In a 4 years old girl with hypo plastic left heart and Fontan surgery you encounter the following ECG tracing on the monitor:
There is sinus rhythm (upright P waves, PR interval 190ms - AVB I°) with frequent premature atrial contractions (PAC; negative P waves, short PR interval).
A few minutes later the ECG changes:
First beat is a PAC, followed by a sinus beat and subsequent run of atrial ectopy (beats 3-5). Further beats in the strip are atrial tachycardia with negative P waves preceding QRS complexes. Cycle lengths is regular (400ms, ie 150 bpm).
Due to associated symptoms of dizziness and impaired consciousness, the caring physician decided to terminate tachycardia by electrical cardioversion.
Synchronized eCV successfully converted tachycardia.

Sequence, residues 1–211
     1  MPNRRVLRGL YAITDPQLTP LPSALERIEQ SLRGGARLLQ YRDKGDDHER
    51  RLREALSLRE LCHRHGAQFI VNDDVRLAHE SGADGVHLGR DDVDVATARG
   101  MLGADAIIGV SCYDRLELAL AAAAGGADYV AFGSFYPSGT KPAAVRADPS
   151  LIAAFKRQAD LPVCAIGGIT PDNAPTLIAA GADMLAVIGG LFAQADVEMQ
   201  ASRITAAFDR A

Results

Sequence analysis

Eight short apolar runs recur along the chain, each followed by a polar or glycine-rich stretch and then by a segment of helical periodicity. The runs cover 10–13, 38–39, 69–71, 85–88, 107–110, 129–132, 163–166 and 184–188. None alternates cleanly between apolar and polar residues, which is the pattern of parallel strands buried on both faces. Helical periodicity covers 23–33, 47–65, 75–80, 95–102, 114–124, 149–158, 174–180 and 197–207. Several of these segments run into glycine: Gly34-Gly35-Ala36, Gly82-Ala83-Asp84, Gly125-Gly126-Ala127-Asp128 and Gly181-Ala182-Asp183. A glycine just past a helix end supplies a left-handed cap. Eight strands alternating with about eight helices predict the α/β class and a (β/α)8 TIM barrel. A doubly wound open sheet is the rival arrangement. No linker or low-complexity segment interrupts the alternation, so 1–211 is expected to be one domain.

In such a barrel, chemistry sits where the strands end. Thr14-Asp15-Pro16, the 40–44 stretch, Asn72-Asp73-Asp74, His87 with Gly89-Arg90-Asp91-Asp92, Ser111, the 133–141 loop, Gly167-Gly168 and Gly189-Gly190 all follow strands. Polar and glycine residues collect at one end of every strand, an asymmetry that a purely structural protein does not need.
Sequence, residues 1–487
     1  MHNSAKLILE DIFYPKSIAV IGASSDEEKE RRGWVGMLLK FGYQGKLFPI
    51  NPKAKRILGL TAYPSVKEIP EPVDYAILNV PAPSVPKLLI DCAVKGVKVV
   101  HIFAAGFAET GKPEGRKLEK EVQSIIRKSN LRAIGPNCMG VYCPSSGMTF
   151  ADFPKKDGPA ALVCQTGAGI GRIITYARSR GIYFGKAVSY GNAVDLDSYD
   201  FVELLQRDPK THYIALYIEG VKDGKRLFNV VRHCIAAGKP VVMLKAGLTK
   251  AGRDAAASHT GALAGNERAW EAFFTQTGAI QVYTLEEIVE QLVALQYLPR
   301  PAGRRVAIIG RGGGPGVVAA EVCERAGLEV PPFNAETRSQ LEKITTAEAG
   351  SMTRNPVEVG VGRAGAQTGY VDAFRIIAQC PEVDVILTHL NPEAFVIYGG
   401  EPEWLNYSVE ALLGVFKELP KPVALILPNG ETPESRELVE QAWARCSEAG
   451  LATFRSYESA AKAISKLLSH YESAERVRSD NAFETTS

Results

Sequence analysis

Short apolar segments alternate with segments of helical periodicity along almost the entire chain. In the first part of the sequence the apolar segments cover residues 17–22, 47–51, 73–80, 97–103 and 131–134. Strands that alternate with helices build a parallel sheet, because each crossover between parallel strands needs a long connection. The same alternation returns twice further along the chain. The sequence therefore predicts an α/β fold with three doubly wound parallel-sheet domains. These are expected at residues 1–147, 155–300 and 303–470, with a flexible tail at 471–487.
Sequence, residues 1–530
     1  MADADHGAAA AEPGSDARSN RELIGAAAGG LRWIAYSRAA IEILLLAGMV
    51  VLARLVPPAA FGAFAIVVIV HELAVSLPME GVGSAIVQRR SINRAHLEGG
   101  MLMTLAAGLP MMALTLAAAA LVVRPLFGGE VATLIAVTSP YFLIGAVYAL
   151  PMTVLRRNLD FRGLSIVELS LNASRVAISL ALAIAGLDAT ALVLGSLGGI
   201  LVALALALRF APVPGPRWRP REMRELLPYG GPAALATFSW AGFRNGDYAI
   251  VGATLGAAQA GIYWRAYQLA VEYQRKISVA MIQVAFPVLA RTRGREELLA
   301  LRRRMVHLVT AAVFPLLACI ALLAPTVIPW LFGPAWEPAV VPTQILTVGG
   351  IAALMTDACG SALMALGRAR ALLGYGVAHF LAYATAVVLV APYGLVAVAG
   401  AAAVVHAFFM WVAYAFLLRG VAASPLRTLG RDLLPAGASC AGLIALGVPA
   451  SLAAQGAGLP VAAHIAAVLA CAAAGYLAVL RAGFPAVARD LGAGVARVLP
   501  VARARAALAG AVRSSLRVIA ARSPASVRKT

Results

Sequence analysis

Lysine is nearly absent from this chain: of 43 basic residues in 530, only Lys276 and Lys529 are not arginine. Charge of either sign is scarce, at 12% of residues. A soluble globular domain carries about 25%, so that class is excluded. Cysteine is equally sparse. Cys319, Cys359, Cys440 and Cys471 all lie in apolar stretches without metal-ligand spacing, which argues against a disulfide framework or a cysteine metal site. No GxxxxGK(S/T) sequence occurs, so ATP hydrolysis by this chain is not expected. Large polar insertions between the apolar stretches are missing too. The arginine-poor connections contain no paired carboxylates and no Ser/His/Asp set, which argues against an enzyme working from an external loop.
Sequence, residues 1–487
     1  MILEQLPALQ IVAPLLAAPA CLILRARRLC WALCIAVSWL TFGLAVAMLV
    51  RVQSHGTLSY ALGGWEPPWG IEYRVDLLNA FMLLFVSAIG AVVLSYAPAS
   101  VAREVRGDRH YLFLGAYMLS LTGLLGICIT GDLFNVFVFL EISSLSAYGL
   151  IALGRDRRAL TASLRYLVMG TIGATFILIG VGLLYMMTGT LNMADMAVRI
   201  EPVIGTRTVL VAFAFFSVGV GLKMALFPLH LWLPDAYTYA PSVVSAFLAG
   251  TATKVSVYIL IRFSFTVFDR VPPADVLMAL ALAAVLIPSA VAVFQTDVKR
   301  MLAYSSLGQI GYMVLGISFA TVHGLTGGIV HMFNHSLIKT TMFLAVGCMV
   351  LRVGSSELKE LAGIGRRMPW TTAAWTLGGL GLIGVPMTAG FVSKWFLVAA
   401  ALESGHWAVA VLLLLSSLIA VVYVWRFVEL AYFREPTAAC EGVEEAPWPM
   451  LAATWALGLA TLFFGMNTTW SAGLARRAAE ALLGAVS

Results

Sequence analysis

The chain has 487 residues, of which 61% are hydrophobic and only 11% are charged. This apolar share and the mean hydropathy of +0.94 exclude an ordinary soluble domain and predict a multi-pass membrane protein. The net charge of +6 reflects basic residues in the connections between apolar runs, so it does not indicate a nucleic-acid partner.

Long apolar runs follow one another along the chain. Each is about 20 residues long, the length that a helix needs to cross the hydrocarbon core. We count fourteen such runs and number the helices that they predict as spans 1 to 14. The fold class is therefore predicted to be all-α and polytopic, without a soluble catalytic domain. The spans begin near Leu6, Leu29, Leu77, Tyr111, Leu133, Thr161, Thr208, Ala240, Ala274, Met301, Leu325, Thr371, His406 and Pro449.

Atrial tachycardia (AT) is the 3rd most common form of supra ventricular tachycardia in children. Patients who had atriotomy or who might have atrial scar regions are at higher risk for AT. PACs are common in these patients. Origins of AT are not restricted to the right atrium as they may frequently originate from the left atrium as well.
Acute therapy includes class I anti-arrhythmic drugs (propafenone, flecainide), class III AADs (sotalol, amiodarone) or eCV.
Adenosine may be of diagnostic value, blocking the AV node and thus revealing continuing P waves at a regular cycle lengths.
Long term therapy may include class I AADs or ivabradine. However, AT usually very well amenable to catheter ablation, which should be considered first choice.